The Chief Magistrate delivered the judgement under Section 4A of the Public Order Act of the UK and imposed a lower notional financial penalty, but did not consider it appropriate to issue a warrant.
The Judge, who had previously ruled that the defendant was not protected by diplomatic immunity, did not revisit that ruling.
She had also rejected the abuse of process argument.
The Government of Sri Lanka continues to maintain that Brigadier Fernando as a diplomat who was attached to the Sri Lanka High Commission in London is entitled to diplomatic immunity as per Article 31 of the Vienna Convention on Diplomatic Relations of 1961.
In January 2019, at the time summons was first issued by the Magistrate’s Court of Westminster, the then British High Commissioner was summoned by the Foreign Secretary and a protest was lodged against the legal proceedings in British Courts disregarding diplomatic immunities of Brigadier Priyanka Fernando in respect of the alleged incident.
A request was made through the British High Commission in Colombo that the Foreign and Commonwealth Office, take necessary steps to ensure a review of the process including the order of the Magistrate’s Court of Westminster to correct the Court’s misunderstanding of International Law and the lapse on the part of the Court administration to bring to the attention of the Magistrate the contents of the Diplomatic Note sent by the Government of Sri Lanka claiming immunity.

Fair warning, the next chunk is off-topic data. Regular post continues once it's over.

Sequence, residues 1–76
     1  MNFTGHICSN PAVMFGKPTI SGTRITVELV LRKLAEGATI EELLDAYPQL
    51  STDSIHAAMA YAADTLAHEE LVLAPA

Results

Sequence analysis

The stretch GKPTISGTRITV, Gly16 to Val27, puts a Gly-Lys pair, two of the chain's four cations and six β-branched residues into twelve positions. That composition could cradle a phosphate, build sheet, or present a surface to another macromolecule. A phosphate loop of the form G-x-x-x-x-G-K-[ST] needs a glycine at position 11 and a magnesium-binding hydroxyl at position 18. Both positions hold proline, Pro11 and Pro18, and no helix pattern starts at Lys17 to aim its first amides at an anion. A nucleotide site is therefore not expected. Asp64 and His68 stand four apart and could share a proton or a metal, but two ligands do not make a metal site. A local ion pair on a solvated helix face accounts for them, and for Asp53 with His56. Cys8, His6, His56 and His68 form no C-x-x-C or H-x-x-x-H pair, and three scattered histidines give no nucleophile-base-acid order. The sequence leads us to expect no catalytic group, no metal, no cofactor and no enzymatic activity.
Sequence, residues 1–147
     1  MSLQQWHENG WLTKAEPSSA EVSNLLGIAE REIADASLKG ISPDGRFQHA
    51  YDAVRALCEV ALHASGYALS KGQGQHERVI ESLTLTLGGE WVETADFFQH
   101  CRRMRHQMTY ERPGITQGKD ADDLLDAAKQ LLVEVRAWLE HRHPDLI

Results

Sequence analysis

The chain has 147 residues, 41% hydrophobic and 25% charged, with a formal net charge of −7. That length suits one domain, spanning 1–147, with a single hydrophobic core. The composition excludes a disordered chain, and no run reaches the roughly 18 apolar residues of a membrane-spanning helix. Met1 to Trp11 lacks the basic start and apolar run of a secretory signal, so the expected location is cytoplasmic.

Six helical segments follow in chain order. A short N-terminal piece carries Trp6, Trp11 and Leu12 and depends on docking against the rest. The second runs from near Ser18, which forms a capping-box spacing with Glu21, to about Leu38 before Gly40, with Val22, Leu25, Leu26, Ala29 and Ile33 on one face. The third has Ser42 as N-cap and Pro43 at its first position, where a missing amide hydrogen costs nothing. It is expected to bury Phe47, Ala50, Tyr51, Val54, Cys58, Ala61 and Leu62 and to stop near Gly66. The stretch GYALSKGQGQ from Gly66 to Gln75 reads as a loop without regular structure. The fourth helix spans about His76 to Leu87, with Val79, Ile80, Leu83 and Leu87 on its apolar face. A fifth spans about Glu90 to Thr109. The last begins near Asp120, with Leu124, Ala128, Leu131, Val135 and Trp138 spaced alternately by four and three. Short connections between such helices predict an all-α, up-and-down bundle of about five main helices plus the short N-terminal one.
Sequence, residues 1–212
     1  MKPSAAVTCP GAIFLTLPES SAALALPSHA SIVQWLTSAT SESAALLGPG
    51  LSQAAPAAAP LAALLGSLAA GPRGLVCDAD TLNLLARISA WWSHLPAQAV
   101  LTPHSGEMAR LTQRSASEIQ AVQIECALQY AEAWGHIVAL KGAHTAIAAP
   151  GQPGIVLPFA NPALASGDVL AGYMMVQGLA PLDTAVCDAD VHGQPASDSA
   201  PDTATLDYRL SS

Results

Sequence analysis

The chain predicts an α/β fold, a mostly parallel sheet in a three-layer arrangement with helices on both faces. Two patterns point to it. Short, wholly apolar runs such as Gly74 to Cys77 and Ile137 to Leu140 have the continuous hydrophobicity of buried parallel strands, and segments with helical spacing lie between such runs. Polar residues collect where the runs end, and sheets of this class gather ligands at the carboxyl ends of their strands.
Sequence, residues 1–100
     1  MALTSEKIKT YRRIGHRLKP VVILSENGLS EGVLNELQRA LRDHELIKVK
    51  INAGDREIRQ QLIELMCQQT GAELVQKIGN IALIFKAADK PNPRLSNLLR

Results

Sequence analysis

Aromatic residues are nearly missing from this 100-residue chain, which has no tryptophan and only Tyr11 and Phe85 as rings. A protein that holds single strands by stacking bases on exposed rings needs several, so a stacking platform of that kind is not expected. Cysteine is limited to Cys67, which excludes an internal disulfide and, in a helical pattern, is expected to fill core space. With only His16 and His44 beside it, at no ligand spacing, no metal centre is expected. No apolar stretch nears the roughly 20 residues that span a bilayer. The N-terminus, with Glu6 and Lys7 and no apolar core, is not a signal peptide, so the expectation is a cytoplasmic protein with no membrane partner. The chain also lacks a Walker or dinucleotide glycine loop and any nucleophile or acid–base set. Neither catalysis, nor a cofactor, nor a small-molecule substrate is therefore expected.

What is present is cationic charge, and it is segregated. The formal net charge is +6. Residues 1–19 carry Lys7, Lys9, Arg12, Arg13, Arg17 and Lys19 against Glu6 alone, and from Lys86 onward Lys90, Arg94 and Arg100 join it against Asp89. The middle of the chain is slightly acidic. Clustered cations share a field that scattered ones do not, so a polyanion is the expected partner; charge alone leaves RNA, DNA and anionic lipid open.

The sequence of events – the private prosecution, failure to uphold Brigadier Fernando’s diplomatic immunities, the timing of the delivering of the judgement on the eve of the UK elections, the alleged unruly behaviour of the supporters of the prosecution during Court hearings who were also carrying LTTE flags during these hearings, the alleged leaking of privileged information submitted in Court by the defence to the public domain by the private prosecution, makes abundantly clear that this is a politically motivated action.